I’m so sorry for your loss, Leslie. I think it can be doubly difficult when you’re an only child; all of the responsibility – and the guilt – falls on us. Perhaps you can find a good grief counselor or support group in your area. I do think the validation you receive in that setting is helpful. It’s been almost two years since I lost my mom, and I don’t think the grief and sense of loss will ever end. It ebbs and flows. Some days, I find myself wanting to do nothing but cry – no apparent trigger, it just comes out of nowhere. The pain changes but I don’t think it ever goes away… Sending you prayers. ~Ann

      • Leslie

        Thank you Ann, for your very thoughtful response. I sincerely appreciate it. And thank you for all of your support and wisdom you offer on this website. I understand about the ebb and flow of grief. It is certainly ever present. But I do strive to honor my beautiful Mom by living life, loving my loved ones and appreciating all the beauty in the world. That is what my Mom would want.

        • Ann Napoletan

          Beautifully said. If there’s one thing this disease taught me, it’s to live for today, enjoy every moment – tomorrow isn’t promised. It gave me more of an appreciation for the simple things. Like you, I try to keep my mom’s memory alive through the way I live my life and through my advocacy work. I believe she’s still guiding me every step of the way.

  6. Pamela

    Thank you for this article, I lost my father in October 2013 to Alzheimer’s and my mum lost her partner of 55 years. We tried to recover but my mum’s heart was truly broken without him and a month ago she died at 79. He was healthy and alive one moment then developed a pain in her shoulder and spent one night in hospital and was dead by midday. I have been left spinning in that haze between disbelief and pain. I am worried that I seem to feel nothing and have not yet really wept. I have a 9 year old beautiful boy, who was the light of my mum’s life and just need to be as normal as possible for him. He says I am not the same happy person I was before my dad died and he misses that. Please tell me I will find my laugh again?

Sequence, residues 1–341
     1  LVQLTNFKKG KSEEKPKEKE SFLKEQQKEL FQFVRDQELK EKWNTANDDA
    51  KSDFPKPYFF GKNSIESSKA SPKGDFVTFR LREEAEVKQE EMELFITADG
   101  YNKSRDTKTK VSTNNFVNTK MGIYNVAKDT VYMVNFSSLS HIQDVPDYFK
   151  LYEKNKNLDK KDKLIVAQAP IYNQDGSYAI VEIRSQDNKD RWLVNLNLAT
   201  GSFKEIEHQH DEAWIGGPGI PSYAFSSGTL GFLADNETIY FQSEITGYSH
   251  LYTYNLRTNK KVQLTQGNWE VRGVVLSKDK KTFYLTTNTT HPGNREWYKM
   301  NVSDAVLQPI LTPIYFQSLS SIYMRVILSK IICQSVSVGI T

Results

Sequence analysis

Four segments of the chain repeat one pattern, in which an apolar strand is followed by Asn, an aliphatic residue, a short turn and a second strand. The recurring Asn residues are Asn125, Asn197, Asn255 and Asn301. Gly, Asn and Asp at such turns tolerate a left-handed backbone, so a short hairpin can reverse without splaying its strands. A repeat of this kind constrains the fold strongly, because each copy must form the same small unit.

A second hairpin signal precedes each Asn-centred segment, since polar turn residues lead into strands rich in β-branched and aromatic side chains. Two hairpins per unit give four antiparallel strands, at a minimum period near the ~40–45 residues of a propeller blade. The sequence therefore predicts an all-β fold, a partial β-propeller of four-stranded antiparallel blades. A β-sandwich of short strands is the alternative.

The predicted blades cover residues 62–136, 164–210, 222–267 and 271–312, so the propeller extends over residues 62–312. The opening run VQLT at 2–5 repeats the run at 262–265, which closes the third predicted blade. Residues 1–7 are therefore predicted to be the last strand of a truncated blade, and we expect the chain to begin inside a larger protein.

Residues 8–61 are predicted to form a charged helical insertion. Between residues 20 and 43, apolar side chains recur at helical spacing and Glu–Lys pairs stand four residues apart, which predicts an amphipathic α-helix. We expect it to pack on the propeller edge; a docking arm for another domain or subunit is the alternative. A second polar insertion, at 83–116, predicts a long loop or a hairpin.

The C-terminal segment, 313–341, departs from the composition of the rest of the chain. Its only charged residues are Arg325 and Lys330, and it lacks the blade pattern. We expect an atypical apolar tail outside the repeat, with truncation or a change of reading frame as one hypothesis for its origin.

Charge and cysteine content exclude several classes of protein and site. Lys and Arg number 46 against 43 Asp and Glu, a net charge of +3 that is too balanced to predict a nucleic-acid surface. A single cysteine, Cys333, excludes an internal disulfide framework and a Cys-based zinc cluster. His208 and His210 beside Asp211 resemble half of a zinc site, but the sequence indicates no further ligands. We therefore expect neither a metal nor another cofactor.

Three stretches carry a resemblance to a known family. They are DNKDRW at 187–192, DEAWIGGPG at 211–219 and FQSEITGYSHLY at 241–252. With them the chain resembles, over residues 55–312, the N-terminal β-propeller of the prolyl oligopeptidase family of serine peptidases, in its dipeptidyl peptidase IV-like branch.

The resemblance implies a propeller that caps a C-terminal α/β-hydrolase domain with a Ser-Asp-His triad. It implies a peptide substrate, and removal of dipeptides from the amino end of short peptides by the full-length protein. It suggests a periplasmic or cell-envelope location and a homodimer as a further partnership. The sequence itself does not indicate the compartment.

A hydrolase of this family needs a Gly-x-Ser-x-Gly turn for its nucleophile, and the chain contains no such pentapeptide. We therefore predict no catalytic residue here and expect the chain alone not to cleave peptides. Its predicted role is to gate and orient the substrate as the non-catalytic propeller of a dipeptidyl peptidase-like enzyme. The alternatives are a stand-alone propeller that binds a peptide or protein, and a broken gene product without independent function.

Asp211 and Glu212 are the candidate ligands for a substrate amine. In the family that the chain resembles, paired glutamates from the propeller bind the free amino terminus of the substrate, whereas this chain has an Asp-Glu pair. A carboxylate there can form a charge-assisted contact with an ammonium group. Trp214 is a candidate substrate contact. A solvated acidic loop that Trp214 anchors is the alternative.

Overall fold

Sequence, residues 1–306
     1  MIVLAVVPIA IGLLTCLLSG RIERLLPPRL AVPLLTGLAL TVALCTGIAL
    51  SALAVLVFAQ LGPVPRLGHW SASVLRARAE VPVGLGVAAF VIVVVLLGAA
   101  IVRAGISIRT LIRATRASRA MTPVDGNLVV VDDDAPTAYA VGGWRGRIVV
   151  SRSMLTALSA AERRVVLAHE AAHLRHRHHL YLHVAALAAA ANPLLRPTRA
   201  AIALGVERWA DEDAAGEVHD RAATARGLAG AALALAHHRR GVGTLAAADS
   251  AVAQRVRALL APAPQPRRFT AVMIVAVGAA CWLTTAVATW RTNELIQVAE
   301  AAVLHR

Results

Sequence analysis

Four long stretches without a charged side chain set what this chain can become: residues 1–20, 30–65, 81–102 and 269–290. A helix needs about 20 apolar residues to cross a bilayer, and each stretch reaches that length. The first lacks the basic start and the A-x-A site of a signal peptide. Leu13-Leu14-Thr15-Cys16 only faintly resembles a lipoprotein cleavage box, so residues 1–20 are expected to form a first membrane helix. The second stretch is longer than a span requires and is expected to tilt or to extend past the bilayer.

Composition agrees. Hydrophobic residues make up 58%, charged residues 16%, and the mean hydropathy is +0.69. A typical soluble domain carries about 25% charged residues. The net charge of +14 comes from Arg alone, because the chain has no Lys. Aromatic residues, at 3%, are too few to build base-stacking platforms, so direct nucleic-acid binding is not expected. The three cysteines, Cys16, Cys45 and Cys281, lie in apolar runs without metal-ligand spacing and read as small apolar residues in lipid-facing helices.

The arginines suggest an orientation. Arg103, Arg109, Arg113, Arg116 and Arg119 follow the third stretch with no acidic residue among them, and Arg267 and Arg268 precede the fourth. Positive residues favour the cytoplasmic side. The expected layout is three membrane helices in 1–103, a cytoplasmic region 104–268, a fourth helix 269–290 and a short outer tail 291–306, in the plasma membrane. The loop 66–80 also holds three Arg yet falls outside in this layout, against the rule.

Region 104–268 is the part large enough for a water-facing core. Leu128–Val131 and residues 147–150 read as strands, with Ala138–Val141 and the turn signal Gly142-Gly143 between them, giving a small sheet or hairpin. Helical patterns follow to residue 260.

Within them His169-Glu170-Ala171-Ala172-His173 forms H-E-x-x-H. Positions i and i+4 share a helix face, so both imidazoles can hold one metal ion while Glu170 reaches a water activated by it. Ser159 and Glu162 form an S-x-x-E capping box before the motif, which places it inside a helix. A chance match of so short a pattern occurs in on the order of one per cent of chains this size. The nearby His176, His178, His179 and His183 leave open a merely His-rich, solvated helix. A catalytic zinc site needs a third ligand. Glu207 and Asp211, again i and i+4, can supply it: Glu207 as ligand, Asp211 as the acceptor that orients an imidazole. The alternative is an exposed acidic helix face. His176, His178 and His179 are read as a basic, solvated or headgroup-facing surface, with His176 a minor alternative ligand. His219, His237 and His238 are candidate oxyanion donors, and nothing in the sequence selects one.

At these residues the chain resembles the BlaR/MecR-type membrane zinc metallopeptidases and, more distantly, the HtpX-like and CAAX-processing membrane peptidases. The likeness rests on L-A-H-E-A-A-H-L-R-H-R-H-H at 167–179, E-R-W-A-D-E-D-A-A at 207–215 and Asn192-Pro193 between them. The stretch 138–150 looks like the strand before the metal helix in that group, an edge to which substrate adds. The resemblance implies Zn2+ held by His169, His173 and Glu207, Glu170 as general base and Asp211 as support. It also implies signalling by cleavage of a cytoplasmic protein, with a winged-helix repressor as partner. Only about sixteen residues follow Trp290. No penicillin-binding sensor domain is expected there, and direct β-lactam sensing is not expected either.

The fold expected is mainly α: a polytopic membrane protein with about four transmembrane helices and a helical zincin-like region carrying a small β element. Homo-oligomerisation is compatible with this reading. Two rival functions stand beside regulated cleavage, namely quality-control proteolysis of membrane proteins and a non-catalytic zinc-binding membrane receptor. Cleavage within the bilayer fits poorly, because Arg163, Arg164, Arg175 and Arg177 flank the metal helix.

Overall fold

7. Kim

    My name is Kim. I am 55 years old. I live alone and was an only child to my mom. She was diagnosed with acute myeloid leukemia in mid January. She passed on May 17, 2016 and was buried on my birthday, May 21st. I was overseeing her care towards the end and was with her when she passed. This is unlike any other grief I have experienced. It is gut wrenching at times. I cry every day. I’m dreading Thanksgiving and Christmas. She loved to cook at Thanksgiving. She was like a kid at Christmas. I have a son who is 30 and a granddaughter that is eight. If it wasn’t for them, I would ignore the holidays this year. My son was very close to my mom. Does it ever get easier? I feel like a lost child. I have brief periods when I am with loved ones where I am happy. The loss never leaves me though. She is in my thoughts every single day.. Will it ever get easier?